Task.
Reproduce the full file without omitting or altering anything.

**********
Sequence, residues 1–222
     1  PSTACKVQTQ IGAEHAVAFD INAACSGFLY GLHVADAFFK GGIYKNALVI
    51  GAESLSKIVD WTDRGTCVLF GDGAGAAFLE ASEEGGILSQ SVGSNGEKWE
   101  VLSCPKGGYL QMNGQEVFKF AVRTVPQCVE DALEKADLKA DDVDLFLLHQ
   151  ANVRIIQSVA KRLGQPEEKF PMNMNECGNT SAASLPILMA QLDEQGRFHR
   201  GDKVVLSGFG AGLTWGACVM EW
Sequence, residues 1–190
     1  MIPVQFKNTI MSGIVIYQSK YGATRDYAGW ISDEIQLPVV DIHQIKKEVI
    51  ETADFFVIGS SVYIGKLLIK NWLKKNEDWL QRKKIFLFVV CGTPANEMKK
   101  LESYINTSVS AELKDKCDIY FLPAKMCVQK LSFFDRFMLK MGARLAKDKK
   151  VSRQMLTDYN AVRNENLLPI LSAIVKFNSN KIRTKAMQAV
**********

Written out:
Sequence, residues 1–222
     1  PSTACKVQTQ IGAEHAVAFD INAACSGFLY GLHVADAFFK GGIYKNALVI
    51  GAESLSKIVD WTDRGTCVLF GDGAGAAFLE ASEEGGILSQ SVGSNGEKWE
   101  VLSCPKGGYL QMNGQEVFKF AVRTVPQCVE DALEKADLKA DDVDLFLLHQ
   151  ANVRIIQSVA KRLGQPEEKF PMNMNECGNT SAASLPILMA QLDEQGRFHR
   201  GDKVVLSGFG AGLTWGACVM EW
Sequence, residues 1–190
     1  MIPVQFKNTI MSGIVIYQSK YGATRDYAGW ISDEIQLPVV DIHQIKKEVI
    51  ETADFFVIGS SVYIGKLLIK NWLKKNEDWL QRKKIFLFVV CGTPANEMKK
   101  LESYINTSVS AELKDKCDIY FLPAKMCVQK LSFFDRFMLK MGARLAKDKK
   151  VSRQMLTDYN AVRNENLLPI LSAIVKFNSN KIRTKAMQAV